I count the work on Newcomb as an external result: "What learning process can lead to successfully learning to one-box in Newcomb's game?" is a natural question someone might ask without hearing about infra-Bayesianism, and I think IB gives a relatively natural framework for that (although I haven't looked into this deeply, and I don't know exactly how natural or hacky it is). On the other hand, from the linked results, I think the 1st, 4th and 5th are definitely internal results, I don't understand so can't comment of the 3rd, and the 2nd is Newcomb which I acknowledge. Similarly, I think IBP itself tries to answer an external question (formalizing naturalized induction), but I'm not convinced it succeeds in that, and I think the theorems are mostly internal results, and not something I would count as an external evidence. (I know less about this, so maybe I'm missing something).

In general, I don't deny IB has many internal results, which I acknowledge to be a necessary first step. But I think that John was looking for external results here, and in general my impression is that people seem to believe that there are more external results than there really are (did I mention the time I got a message from a group of young researchers asking if I thought "if it is currently feasible integrating multiple competing scientific theories into a single infra-Bayesian model"?) So I think it' useful to be more clear about that we don't have that many external results.

Thanks for Vanessa for writing this, I find it a useful summary of the goals and directions of LTA, which was sorely missing until now. Readers might also be interested in my write-up A mostly critical review of infra-Bayesianism that tries to give a more detailed explanation about a subset of the questions above, and how much progress there was towards their solutions so far. I also give my thoughts and criticism of Infra-Bayesian Physicalism, the theory on which PSI rests.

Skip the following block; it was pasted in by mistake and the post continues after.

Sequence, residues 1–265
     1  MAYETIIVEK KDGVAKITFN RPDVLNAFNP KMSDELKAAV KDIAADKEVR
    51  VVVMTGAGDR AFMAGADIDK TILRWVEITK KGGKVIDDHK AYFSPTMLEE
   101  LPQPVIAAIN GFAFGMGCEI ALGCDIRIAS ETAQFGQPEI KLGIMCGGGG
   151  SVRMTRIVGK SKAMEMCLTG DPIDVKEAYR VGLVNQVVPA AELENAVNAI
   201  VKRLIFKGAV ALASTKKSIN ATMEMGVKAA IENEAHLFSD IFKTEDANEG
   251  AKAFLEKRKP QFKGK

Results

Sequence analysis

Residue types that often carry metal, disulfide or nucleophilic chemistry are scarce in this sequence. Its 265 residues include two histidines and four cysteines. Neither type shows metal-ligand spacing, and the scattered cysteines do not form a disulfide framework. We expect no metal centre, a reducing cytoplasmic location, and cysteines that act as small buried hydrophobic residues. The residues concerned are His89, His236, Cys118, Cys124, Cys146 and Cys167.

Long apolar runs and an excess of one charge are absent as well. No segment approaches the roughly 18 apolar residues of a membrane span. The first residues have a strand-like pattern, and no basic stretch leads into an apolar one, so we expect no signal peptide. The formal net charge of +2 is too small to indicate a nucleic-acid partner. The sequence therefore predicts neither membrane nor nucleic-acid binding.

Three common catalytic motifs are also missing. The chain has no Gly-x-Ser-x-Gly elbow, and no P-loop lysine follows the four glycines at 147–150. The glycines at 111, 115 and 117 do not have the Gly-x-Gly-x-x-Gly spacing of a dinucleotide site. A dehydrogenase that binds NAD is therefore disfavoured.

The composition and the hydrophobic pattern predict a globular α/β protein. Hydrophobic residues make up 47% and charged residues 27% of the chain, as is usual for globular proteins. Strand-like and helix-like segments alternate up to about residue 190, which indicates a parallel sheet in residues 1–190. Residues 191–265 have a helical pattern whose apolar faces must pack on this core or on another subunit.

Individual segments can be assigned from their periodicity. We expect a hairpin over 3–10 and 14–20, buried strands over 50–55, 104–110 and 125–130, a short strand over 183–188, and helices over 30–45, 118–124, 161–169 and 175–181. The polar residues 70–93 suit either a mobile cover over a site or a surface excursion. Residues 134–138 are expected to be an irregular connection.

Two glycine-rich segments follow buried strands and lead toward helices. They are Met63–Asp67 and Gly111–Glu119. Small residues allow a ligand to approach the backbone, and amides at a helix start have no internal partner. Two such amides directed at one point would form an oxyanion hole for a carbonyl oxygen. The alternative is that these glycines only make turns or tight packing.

I will also edit the post to include a link to this post. So far, I advised people to read Embedded agency for the motivating questions, but now I can recommend this post too.

I still think that the hot stove example is a real problem, although maybe unavoidable. My example starts with "I learned that the hot stove always burns my hand." This is not the exploration part anymore, the agent already observed the stove burning its hand many times. Normally, this would be enough to never touch the hot stove again, but if some unexplained nice things happen in the outside world, there is suddenly no guarantee that the IB agent doesn't start touching the stove again. Maybe this is unavoidable, but I maintain it's a weird behavior pattern that the outside weather might make you lose the guarantee to not touch the stove you already learned is burning. I think it's somewhat different than the truly unavoidable thing, that every agent needs to do some exploration and it sometimes leads to them burning their hand.